The rest of this article is devoted to another of Dick’s acknowledged masterpieces, The Man In the High Castle (1962), a work that is unlike anything else he wrote (a strong statement, considering the variety of his work). It is his only alternate universe story in which he so closely extrapolates from a clearly defined historical period (the decades before and after World War II. It is also a very tightly constructed novel, not always one of Dick’s virtues.
The Man in the High Castle is set in a world in which the U.S. lost World War II. Nazi conquerors occupy the east coast, while the Japanese occupy the west coast. In the middle, serving as a buffer between the conquering powers, is the PSA (the Pacific States of America), the last home of free Americans. At the most obvious level, the novel explores the traits of the occupying powers. The Nazis are the monsters we know them to be, but the Japanese turn out to be relatively benign masters. They did not, as one American character says, “build ovens” (referring to the mass extermination in the Nazi concentration camps).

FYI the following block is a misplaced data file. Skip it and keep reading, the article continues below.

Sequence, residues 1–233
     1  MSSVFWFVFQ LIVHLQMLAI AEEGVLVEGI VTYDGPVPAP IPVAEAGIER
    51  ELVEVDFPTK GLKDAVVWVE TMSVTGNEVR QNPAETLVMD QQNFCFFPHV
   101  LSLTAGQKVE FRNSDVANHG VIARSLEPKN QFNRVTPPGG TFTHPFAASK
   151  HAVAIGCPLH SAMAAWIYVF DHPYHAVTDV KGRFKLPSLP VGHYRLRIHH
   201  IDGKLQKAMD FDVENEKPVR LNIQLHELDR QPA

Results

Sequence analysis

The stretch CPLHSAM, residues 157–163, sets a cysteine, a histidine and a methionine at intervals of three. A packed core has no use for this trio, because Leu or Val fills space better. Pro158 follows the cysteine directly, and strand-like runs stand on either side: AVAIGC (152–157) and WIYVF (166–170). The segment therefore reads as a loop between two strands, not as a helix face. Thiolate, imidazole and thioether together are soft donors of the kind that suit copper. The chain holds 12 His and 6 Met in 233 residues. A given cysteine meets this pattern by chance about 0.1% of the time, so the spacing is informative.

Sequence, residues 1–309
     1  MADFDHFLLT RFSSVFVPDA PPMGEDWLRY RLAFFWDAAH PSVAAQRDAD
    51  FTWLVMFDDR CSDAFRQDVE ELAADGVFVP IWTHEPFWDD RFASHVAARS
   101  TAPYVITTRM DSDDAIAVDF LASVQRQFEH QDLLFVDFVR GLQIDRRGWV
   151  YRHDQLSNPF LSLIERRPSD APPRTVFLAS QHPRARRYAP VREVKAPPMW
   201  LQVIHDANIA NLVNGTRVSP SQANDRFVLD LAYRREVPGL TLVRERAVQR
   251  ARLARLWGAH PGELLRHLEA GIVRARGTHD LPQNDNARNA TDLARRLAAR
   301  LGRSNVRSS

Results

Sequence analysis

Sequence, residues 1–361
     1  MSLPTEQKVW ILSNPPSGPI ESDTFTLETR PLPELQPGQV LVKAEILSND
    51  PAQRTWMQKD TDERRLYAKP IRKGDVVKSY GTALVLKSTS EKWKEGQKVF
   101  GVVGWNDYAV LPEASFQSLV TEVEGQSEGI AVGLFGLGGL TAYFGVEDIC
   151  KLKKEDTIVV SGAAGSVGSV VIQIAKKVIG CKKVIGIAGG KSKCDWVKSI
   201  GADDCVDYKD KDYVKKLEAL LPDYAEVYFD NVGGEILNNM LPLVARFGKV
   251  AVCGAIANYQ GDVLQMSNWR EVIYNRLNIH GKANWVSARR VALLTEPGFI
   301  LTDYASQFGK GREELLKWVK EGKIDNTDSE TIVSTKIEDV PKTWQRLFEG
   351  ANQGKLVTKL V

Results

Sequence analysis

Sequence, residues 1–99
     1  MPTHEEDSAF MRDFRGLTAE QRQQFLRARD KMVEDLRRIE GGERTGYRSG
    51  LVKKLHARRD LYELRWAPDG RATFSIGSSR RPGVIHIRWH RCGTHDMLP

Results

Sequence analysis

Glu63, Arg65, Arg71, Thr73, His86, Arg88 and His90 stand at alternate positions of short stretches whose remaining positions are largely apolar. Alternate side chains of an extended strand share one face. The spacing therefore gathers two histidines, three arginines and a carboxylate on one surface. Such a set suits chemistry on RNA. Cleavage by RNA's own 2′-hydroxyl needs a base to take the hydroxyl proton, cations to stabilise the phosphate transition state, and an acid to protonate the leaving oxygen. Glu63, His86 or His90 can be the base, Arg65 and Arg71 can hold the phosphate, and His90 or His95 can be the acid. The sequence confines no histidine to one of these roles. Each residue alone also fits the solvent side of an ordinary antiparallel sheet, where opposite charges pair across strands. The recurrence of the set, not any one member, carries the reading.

But the novel is about many other things, and is open to multiple interpretations. We may see the novel as an analysis of the mind-set that produces technological innovation. In this version of history, set in 1962, technological development is well ahead of the timetable in our “real” world. Not only have the Nazis colonized the moon, they have already reached Mars.
Dick presents a runaway technology that is a product of fascistic, masculine thinking–a thinking that refuses to take an ecological perspective into consideration. The Nazis are clearly on a path to self-destruction, which, if unaltered, will result in the destruction of the entire globe. But Dick’s criticism of runaway Nazi technology is, by indirection, a criticism of runaway American technology.
At the center of the action is Operation Dandelion, the plan that the Nazis have for a nuclear strike on the Japanese home islands. The Nazis in their paranoia are unwilling to share world power with anyone else. In a surprising way, though, Operation Dandelion is an observation on the reality that we know. Even while we share with the characters a horror of the planned nuclear strike, we can’t help but remember that Americans, in our reality, in fact carried out something quite like Operation Dandelion. There has been only one nuclear war, and Americans fought and won it.